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Tag: Georgia Ecological Services Field Office

The content below has been tagged with the term “Georgia Ecological Services Field Office.”

Articles

  • A low-growing shrub with leaves like sand dollars
    Information icon A rare hairy rattleweed plant. Photo by Daniel Chapman, USFWS.

    Learning to love a hairy rattleweed

    February 18, 2020 | 6 minute read

    Brunswick, Georgia — It sounds like the name of a punk rocker, or an illicit drug. It lurks under power lines, along roadsides and between rows of commercial pine trees. It’s covered in tiny, cobwebby hairs. It’s got a shape only a botanist could love. Pity the little-known, inelegantly named hairy rattleweed, or Baptisia arachnifera. It is one of the nation’s rarest plants, found in only two southeast Georgia counties and federally listed as an endangered species.  Learn more...

  • A beach covered in sea turtle eggs and other debris washed ashore from Hurricane Dorian
    Information icon Debris and sea turtle eggs washed up by Hurricane Dorian at Archie Carr NWR. Photo by Erin Seney, UCF Marine Turtle Research Group.

    Dorian report: Sea-turtle nest losses could have been worse

    September 19, 2019 | 5 minute read

    Hurricane Dorian obliterated hundreds of sea-turtle nests at National Wildlife Refuges as it clawed north along the Atlantic coast earlier this month, officials with the U.S. Fish and Wildlife Service (Service) said. But it could have been much worse. The storm, wildlife refuge staff noted, had dissipated as it neared the fragile, sandy shores where turtles lay eggs. It obliterated some nests, but left others intact. Eroded sand dunes and a lost sea turtle egg at Archie Carr National Wildlife Refuge.  Learn more...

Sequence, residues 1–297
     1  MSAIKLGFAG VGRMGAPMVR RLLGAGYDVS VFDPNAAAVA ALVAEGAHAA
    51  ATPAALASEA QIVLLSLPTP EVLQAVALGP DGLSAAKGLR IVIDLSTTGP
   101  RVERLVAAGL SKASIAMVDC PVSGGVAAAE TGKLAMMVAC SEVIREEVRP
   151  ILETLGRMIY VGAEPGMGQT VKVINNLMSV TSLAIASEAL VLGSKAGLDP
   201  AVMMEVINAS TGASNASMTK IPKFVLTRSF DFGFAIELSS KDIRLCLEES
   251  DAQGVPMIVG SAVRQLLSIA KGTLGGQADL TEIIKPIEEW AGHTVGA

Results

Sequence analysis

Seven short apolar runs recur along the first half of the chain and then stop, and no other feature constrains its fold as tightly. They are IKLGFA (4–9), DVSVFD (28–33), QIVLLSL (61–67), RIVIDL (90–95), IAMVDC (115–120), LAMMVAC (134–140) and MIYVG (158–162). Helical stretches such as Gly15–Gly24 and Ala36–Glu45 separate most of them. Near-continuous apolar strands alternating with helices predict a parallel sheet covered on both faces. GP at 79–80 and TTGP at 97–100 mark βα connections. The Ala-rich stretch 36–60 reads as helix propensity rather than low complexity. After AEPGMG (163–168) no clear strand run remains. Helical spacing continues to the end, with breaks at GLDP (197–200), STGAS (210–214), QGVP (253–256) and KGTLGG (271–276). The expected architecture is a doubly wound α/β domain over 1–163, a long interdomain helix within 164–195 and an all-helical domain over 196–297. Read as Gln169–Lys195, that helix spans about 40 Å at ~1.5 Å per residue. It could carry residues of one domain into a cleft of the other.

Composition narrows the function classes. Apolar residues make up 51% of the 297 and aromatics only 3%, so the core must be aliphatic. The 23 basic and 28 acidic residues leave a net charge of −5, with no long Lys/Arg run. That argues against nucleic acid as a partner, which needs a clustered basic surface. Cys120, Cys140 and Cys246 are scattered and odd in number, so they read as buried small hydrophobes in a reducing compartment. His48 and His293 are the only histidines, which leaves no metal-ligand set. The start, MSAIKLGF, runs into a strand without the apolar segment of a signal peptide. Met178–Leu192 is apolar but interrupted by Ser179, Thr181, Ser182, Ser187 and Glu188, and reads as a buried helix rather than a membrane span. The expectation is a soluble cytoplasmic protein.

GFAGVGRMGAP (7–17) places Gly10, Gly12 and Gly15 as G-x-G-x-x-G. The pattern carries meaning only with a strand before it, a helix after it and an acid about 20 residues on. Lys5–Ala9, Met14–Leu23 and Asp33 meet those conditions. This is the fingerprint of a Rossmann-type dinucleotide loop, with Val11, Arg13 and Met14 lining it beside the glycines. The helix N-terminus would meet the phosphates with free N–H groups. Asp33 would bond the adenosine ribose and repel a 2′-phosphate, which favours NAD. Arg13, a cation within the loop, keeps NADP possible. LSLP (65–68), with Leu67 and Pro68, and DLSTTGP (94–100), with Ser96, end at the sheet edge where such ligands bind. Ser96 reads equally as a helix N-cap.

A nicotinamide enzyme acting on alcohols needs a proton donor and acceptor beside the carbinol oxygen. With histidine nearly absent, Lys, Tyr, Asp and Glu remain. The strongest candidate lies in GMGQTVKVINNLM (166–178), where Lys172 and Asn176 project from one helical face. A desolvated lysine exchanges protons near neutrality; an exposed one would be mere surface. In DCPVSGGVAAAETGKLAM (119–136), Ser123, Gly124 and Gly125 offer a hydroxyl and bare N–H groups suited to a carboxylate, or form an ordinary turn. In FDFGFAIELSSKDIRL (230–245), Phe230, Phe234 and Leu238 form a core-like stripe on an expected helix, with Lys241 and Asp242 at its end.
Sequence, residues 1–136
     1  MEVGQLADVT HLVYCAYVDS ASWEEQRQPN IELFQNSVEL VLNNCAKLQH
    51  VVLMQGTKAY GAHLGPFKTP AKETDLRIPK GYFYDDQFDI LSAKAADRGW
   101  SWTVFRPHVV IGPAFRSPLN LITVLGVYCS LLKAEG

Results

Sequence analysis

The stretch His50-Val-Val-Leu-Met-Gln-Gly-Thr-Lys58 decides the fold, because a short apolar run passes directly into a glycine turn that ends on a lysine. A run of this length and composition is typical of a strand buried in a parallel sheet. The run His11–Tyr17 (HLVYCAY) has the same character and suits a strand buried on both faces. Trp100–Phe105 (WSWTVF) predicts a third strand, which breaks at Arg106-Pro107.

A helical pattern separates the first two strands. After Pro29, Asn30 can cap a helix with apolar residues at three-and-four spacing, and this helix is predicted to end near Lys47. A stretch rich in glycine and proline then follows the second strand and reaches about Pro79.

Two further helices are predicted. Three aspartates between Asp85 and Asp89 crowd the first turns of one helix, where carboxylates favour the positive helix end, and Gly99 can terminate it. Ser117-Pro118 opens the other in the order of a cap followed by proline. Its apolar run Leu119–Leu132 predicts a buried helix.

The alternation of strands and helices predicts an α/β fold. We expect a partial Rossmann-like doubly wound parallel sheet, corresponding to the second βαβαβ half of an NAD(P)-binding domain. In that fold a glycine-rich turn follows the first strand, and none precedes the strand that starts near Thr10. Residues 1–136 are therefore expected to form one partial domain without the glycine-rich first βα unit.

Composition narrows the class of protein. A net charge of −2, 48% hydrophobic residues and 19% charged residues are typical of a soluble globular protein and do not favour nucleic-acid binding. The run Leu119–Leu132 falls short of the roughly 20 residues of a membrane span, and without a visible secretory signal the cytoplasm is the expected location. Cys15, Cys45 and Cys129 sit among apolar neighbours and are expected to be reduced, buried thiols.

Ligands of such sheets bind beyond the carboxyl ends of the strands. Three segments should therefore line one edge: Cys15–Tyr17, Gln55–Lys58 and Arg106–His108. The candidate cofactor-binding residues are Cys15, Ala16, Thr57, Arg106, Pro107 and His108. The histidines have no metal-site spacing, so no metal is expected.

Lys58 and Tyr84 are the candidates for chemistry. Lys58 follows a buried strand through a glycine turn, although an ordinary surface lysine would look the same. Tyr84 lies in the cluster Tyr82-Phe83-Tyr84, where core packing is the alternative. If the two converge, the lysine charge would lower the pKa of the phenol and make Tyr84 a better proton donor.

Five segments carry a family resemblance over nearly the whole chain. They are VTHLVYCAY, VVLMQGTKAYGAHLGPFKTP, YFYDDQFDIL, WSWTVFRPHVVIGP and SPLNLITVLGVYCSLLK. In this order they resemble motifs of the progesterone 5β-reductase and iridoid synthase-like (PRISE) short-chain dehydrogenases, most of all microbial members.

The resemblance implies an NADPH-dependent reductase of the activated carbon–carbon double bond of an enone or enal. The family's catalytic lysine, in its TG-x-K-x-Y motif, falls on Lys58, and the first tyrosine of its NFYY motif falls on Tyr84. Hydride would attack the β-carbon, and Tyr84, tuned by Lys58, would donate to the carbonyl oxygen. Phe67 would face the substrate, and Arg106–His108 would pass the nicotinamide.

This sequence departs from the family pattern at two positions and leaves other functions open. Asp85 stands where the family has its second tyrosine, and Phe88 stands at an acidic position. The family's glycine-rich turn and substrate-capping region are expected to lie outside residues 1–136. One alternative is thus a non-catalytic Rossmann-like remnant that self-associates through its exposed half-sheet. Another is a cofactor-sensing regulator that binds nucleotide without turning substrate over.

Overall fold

• Pink flowers with petals in a conical shape and a deep red stigma.
    Information icon Heather Alley near an experimental population she planted for her master thesis. Photo courtesy of Heather Alley.

    With help from many partners, the endangered smooth coneflower fights to come back

    August 16, 2019 | 5 minute read

    Droopy and slender pink petals give it a daisy-like appearance. Delicate, yet fierce, with a tall and spiked-domed center, it thrives in places that aren’t exactly dainty. Along power line rights-of-way, roadsides, dry slopes, and other disturbed places, the smooth coneflower fights to defend its turf. Left unchecked, trees and shrubs can opportunistically overpower the open prairie-like spaces that wildflowers call home. The smooth coneflower is an endangered wild plant in the aster family.  Learn more...

  • Reclaiming a dump

    June 27, 2019 | 3 minute read

    Since Fiscal Year 2018, the West Georgia Field Office of the Partners for Fish and Wildlife (PFW) Program has participated in a regional cooperative agreement in partnership with American Forestry Foundation (AFF) to provide cost share for work on private lands in southern Alabama and west-central Georgia. The goal of this partnership is to improve habitat and provide technical assistance for at-risk species on private lands; this work can help track conservation actions, inform listing determinations and provide regulatory predictability to landowners.  Learn more...

Faq

  • A brown mussel in a sandy river bottom
    Information icon Suwannee moccasinshell in its natural habitat. Photo by FWC.

    Suwannee moccasinshell Critical Habitat

    November 26, 2019 | 9 minute read

    What action is the U.S. Fish and Wildlife Service taking? The Service is proposing to designate critical habitat for the Suwannee moccasinshell under the Endangered Species Act (ESA). What is the range of the Suwannee moccasinshell? The Suwannee moccasinshell, a small freshwater mussel, was historically present throughout much of the Suwannee River Basin; including the Suwannee River main stem in Florida, Santa River sub-basin in Florida, and the Withlacoochee River in Florida and Georgia.  Learn more...

News

  • A brown mussel in a sandy river bottom